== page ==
Shyama and Sabala: The Watchdogs of Yama

- March 27, 2024


By Shakthi Bharathi

Did you know that the Mahabharata ends with a dog? (It also starts with one, but that story is for another day.) 

After years of prosperous rule, the Pandavas and Draupadi renounced the throne and embarked on their last great adventure. They crossed land and sea and came to a winding mountain, where a dog joined them. As they climbed higher, one by one they began to die, but the dog followed at Yudhisthira’s heels like a silent shadow. When the two finally reached heaven, Yudhishthira refused to enter unless his faithful companion was also allowed inside. 

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This story is not unusual. In world mythologies, dogs have often been associated with death.  

Hunting parties led by kings always included hounds to fetch the fallen kill. A dog’s howl, especially in the middle of war, was considered an ill omen. And the gates of Yama’s realm, the Underworld, are guarded by two dogs—Shyama and Sabala.  

Shyama and Sabala
Illustration: Ankita Badade

Shyama (meaning ‘dark’) and Sabala (meaning ‘spotted’) can be described as dusk and dawn. Only one of them can see at a time, so they each have two pairs of eyes. 

In some stories, they are kind—messengers sent by Yama to collect the souls of the dead and guide them through the afterlife. In other stories, they are fierce—standing watch over the gates that all must pass through to reach the hall of judgement.  

The origins of Shyama and Sabala are uncertain. One version says they are from a group of asuras, called Kalakanjas, who were building a stairway to heaven. As the structure grew taller and taller, Indra pulled out one of the bricks. The whole thing fell apart, sending the asuras tumbling down. Most of them turned into spiders, landing safely. However, the two asuras at the top turned into dogs and were cursed to guard Yama’s kingdom forever. Another version calls them ‘Sarameya’ or the children of Sarama, Indra’s dog, who is considered the goddess of intuition and the mother of wild animals.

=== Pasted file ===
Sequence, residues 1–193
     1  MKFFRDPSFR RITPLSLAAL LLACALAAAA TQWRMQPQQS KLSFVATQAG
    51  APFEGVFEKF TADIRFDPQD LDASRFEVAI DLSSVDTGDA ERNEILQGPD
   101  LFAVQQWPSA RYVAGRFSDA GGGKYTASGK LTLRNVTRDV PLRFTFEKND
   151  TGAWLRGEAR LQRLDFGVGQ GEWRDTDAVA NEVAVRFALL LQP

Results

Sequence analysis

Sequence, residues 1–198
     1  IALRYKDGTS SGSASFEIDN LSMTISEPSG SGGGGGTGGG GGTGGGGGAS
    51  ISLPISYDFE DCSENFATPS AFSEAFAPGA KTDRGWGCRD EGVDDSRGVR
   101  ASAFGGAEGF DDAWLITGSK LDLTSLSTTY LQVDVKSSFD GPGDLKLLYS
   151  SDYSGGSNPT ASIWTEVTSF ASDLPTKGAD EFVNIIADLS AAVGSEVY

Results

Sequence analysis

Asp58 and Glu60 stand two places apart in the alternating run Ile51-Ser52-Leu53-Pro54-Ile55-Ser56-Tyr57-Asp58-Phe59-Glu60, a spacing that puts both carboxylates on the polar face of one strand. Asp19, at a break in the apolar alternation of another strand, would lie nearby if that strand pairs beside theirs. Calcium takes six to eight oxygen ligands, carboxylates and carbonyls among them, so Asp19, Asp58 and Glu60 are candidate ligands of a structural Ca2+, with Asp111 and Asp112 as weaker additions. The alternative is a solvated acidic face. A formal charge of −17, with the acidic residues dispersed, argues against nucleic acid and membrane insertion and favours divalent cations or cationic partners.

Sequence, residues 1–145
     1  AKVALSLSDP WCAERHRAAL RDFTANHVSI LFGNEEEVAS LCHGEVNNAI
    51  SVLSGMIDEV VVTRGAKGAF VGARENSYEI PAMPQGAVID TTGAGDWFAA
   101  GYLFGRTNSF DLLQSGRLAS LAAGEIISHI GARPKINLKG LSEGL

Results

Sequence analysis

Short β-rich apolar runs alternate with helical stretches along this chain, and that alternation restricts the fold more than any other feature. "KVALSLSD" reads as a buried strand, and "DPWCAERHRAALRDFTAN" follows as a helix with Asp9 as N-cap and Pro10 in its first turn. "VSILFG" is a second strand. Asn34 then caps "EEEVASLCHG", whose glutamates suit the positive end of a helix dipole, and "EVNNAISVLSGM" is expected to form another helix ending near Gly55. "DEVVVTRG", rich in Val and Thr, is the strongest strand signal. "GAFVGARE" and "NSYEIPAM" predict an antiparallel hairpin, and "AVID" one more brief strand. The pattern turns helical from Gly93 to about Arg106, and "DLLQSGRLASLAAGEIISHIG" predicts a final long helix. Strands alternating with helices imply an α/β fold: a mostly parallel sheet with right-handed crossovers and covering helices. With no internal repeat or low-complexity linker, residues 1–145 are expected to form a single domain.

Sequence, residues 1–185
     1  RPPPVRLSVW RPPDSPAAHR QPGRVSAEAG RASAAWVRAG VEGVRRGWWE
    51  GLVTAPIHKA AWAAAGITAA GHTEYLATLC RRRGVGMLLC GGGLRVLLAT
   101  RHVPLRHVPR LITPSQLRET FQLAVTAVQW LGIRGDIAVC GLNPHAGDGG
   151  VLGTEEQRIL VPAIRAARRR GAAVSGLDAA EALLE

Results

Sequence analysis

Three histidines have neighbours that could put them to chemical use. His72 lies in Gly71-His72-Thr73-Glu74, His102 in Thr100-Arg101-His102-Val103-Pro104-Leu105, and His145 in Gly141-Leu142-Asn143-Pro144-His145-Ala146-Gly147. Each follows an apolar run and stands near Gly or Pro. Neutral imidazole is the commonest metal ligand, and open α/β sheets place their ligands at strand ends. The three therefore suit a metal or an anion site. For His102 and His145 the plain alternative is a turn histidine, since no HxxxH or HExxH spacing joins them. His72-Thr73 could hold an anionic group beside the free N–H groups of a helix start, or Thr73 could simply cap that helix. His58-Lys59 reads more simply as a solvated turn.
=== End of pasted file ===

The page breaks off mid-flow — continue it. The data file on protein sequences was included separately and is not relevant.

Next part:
Wherever they may come from, Shyama and Sabala still hold a place in our rituals. They are given offerings of rice-balls and mentioned in prayers to Yama, dating as far back as the Rigveda, where a seer says: 

Shyama and Sabala
Design: Abhirami Ganesh

The legend of these dogs has crossed the borders of India with Tihar, a five-day Nepalese Hindu festival, to honour creatures associated with Yama. On the second day, Kukur Tihar, dogs are worshipped. 

Shyama and Sabala are also significant in astronomy, representing the Canis Minor and Canis Major constellations respectively. The Kailasanathar Temple at Kanchipuram includes two dogs in a depiction of Shiva bringing the river Ganga down to earth. This could be hinting at the Akasha Ganga (Milky Way) and its Canis constellations—Yama’s two watchdogs, eternally gracing the night sky. 

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